From rare audio interviews of former slaves to recordings by DonnaSummer and the Grateful Dead, 25 sounds that shaped the Americancultural landscape are being inducted into the U.S. NationalRecording Registry. Summer’s 1977 hit I Feel Love is joining the Grateful Dead’s famous 1977 Barton Hall concert assounds of cultural significance, among 25 additions that are beingannounced Wednesday by the Library of Congress as part of itsregistry. The world’s largest library has chosen a diverse array of songs andsounds from history to retain for permanent preservation in theNational Recording Registry. Among the new choices this year areDolly Parton’s Coat of Many Colours , Prince’s Purple Rain and more.
Some selections are truly historic and rarely heard. They includethe only known audio of former American slaves who were interviewedin the 1930s, including one participant who had worked forConfederate U.S. President Jefferson Davis. There’s also a cylinderfrom a talking doll created by Thomas Edison in 1888 that is theearliest known commercial sound recording. It was consideredunplayable until last year, after new digital mapping tools wereused to reveal its sound of a woman singing Twinkle, Twinkle Little Star.
‘These are not just songs…These are talking books thousands ofyears of evolutions of cultures are in this music’ Mickey Hart, the Grateful Dead The library also is saving Leonard Bernstein’s conducting debutwith the New York Philharmonic in 1943 and A Charlie Brown Christmas by the Vince Guaraldi Trio from 1970, which introduced millions ofpeople to jazz through the TV soundtrack. “America’s sound heritage is an important part of the nation’shistory and culture, and this year’s selections reflect thediversity and creativity of the American experience,” saidLibrarian of Congress James Billington, in announcing his finalselections. Notable, breakthrough recordings Though Summer died last week of cancer , her hit single was selected for the sound registry weeks ago,said Matt Barton, the library’s curator of recorded sound. Summerhad many hits, but I Feel Love rose to the top because it was a breakthrough that would changeclub music for years to come, according to the library’s citation. Cosmetic Packaging Boxes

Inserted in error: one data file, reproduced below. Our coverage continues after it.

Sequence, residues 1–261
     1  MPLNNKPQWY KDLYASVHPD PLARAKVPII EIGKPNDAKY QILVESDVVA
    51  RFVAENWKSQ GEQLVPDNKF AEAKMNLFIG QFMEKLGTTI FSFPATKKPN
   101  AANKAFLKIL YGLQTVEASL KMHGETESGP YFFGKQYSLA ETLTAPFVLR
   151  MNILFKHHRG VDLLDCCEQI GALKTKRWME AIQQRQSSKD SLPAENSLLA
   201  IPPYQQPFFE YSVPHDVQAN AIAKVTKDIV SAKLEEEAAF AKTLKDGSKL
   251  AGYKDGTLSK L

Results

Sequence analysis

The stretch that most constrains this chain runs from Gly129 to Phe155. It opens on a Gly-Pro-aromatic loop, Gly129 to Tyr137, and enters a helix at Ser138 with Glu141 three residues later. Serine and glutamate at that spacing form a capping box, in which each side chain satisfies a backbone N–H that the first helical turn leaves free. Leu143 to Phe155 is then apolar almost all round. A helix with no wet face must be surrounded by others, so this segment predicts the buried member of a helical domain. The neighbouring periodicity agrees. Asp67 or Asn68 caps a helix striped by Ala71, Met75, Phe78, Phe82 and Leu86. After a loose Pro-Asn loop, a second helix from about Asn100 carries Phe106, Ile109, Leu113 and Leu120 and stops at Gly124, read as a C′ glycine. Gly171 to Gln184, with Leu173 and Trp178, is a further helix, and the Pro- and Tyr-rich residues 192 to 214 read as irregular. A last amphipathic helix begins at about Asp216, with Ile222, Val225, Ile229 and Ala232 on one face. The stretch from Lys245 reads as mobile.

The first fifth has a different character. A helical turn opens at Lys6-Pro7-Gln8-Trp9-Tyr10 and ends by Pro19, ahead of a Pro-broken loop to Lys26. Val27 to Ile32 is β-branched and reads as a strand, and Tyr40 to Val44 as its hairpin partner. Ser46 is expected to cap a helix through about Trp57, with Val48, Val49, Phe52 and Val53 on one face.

“From the first time you heard it, it was just, `Wow, this is verydifferent,”‘ Barton said. “We hadn’t heard this before. It wasenormously influential.” The registry includes early sounds from hip-hop with SugarhillGang’s Rapper’s Delight from 1979 that is credited with launching a genre and inspiringfuture artists. Funk will have its place in the sound history collection withParliament’s Mothership Connection from 1975 with George Clinton’s Ain’t nothin’ but a party, y’all on the title track. Blues singer Bo Diddley is being inducted to the sound registry,too, with Bo Diddley and I’m a Man. China Jewelry Pouches
“These are not just songs, said Grateful Dead drummer Mickey Hart.”Thousands of years of evolutions of cultures are in this music.” (Ben Margot/Associated Press) For Mickey Hart of the Grateful Dead, Diddley’s sound was some ofthe first beats he learned as a little boy, he told The AssociatedPress. So he was thrilled that sounds of the Dead were beingpreserved at the same time. Hart had a hand in helping create the sound registry, pushing for alaw in Congress in 2000. He said he didn’t lobby for his own musicto be included this year, though he was letting other “lads” in theband know about the honour. Their music will be represented with the 1977 Barton Hall concertat Cornell University, which has been cited as one of their bestperformances ever. China Cosmetic Packaging Boxes
The recording was hailed for its sound quality. “The Grateful Dead just touched a nerve, and it’s still relevant inmany ways today,” Hart told the AP. “It’s American-based music, butthe combination of it, I guess, was the chemical that ignited, theenergy that ignited the spirit of the people for many generations.” One key choice they made was to allow fans to record their concertslive, rather than hiring guards to take away recorders. That helpedbuild an army of “Dead heads,” Hart said, because they could alltake the experience they had paid for with them. And every concertwas always different.
Hart said he is impressed with his fellow inductees in the librarycollection. “These are not just songs,” he said. “These are talking books thousands of years of evolutions of cultures are in this music. Itrepresents something even greater, the hopes, the dreams ..
thejoy, everything it takes to make up a people are embedded in thismusic.”.